Montreal

Borderline Players come together to create theatre on the U.S.-Canadian border

The Borderline Players is a relatively young theatre company made up of a group of volunteer actors from both sides of the border who come together to put on plays at the Opera House.

The new theatre-in-residence at Haskell Opera House breathes life into local arts scene

The young theatre company is putting on its most ambitious production yet, the musical Little Shop of Horrors. (Claude Rivest/CBC)

The Haskell Opera House quite literally straddles the U.S.-Canadian border — it has an address in Stanstead, Que., and one in Derby Line, Vermont.

The Borderline Players is a relatively young theatre company made up of a group of volunteer actors from both sides of the border who come together to put on plays at the Opera House.

Founded earlier this year, the company is registered as a non-profit in both Quebec and Vermont.

But for the people who make up the cast and crew, the international dividing line doesn't really matter inside the theatre.

"Here, the border just disappears. We don't see it," said Sonia Patenaude, an actor with the Borderline players.


As the new theatre-in-residence at the Haskell Opera House, the fledgling company has taken on its most ambitious production yet, the musical comedy Little Shop of Horrors.

Patenaude lives in Sherbrooke, Que., and is singing the role of the carnivorous plant, Audrey II.

She said that she jumped at the chance to volunteer with the company as it strives to keep the theatre scene alive in the small community.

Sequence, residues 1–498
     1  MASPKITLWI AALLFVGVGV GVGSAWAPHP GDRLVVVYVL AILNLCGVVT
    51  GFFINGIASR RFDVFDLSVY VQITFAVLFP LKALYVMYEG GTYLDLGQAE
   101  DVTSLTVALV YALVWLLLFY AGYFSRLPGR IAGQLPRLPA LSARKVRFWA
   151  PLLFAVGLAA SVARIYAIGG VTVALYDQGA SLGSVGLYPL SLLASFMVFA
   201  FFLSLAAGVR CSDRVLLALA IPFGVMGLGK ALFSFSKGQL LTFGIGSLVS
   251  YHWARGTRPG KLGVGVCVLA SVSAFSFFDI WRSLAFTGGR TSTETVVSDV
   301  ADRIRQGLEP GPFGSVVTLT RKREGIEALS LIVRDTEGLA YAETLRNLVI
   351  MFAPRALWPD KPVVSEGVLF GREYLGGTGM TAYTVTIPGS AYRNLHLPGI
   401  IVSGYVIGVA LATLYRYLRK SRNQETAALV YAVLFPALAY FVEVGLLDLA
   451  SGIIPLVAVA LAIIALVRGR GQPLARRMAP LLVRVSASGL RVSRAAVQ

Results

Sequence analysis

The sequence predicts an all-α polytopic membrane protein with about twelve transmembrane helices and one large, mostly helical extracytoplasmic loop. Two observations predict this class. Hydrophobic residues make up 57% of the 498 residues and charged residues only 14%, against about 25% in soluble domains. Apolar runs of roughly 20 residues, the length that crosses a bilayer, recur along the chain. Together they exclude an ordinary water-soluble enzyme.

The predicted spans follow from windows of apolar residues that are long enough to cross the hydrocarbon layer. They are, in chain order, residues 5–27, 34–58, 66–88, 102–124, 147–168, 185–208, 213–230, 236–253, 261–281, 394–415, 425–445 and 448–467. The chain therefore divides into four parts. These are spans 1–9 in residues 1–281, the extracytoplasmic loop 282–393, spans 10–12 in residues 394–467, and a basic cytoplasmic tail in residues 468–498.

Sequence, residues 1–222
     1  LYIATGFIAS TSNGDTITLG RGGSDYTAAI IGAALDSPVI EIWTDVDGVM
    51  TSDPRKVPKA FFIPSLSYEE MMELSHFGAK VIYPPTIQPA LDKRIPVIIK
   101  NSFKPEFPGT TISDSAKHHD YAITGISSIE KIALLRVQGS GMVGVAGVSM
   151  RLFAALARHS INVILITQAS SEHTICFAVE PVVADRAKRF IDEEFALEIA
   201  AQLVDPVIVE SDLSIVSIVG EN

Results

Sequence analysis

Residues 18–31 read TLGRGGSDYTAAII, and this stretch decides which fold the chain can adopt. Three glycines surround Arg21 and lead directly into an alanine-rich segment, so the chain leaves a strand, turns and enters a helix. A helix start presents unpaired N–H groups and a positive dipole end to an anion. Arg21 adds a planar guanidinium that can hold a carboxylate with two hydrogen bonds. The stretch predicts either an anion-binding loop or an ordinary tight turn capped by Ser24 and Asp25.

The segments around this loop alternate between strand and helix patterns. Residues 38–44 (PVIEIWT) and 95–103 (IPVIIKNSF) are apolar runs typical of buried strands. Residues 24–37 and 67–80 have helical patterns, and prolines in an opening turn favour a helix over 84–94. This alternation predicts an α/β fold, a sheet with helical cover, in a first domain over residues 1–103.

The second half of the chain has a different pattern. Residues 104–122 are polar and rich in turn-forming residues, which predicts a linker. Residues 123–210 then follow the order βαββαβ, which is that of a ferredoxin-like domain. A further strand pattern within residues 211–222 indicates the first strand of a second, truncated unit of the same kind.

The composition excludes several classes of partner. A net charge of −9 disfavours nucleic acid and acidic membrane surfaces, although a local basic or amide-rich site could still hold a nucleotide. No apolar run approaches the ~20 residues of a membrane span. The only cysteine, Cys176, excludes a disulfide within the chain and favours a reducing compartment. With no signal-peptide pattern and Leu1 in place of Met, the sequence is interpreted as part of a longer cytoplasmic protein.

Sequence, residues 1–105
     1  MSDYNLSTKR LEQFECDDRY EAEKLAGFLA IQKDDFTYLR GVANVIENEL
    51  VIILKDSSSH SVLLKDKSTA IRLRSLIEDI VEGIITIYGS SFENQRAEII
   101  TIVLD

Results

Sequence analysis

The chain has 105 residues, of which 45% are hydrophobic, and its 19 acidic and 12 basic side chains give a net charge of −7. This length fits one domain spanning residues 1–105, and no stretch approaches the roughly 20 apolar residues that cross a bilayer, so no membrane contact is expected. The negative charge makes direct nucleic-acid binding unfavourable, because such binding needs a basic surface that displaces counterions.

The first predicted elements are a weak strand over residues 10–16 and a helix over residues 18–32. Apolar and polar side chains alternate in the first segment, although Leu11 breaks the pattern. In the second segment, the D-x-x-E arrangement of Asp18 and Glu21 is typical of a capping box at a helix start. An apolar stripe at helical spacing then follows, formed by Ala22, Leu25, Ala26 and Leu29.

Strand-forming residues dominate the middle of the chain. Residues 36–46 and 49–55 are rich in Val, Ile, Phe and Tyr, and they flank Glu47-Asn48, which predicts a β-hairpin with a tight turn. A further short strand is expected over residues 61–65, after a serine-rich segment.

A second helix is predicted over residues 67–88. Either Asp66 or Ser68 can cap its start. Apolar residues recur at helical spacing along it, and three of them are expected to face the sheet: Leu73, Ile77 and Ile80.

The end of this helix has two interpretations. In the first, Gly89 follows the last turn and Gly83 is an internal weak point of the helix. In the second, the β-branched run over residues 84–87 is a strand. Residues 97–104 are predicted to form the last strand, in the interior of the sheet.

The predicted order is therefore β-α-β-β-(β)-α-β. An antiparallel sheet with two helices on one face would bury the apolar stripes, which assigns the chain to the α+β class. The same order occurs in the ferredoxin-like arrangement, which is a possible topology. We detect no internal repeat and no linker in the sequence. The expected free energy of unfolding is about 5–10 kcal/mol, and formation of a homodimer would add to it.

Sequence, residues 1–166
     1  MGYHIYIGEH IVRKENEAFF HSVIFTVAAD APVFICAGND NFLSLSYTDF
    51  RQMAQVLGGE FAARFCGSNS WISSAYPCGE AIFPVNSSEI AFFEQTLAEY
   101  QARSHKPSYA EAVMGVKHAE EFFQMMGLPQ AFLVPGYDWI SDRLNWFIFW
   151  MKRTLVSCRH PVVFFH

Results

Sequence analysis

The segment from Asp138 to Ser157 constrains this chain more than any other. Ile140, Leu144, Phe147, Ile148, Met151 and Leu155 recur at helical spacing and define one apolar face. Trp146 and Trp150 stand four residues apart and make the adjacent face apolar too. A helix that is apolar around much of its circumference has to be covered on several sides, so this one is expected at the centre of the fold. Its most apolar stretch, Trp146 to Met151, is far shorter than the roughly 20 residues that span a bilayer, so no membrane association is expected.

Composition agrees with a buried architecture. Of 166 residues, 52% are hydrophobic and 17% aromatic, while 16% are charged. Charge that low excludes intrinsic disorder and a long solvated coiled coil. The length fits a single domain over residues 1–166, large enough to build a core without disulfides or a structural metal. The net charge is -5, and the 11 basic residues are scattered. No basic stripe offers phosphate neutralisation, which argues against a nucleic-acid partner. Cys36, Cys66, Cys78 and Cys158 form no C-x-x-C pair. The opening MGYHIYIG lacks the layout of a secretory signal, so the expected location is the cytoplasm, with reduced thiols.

"It's a really wonderful opportunity for the region, that Borderline Players kind of came out of the ashes of QNEK, who were the company-in-residence here before."

Sonia Patenaude, a Sherbrooke resident, is playing the role of Audrey II, the carnivorous plant featured in Little Shop of Horrors. (CBC)

QNEK Productions was a mainstay of the local arts scene for 25 years.

When it folded last year because its founder and director retired, citizens took matters into their own hands.

"There was a group of actors and people behind the scenes [who] decided that there was enough momentum and interest in the community and the actors themselves to keep something going," said Ross Murray, co-founding director of the Borderline Players.

Some people in Quebec's Eastern Townships have expressed concern about the current state of English-language theatre in the area, as some venues are no longer showing plays — focusing instead on more lucrative concerts.

The Haskell Free Library and Opera House straddles the U.S./Canada border in Stanstead, Quebec and Derby Line, Vermont. (DON EMMERT/AFP/Getty Images)

But Murray said it's not about turning a profit, but rather providing an opportunity for local people to participate in the arts.

"There's a great group of actors on both sides of the border who are just looking for an outlet to perform," he said.

The cast includes some veterans from past QNEK productions, as well as some fresh talent the company is hoping to develop.

"We have a number of young people who are in the cast. They are in high school in Vermont. And they are showing interest, and that's great for the future of the theatre," said Murray.

The Borderline Players production of Little Shop of Horrors opens Friday Aug. 10.

About the Author

Marilla Steuter-Martin has been a journalist with CBC Montreal since 2015.

With files from CBC's Claude Rivest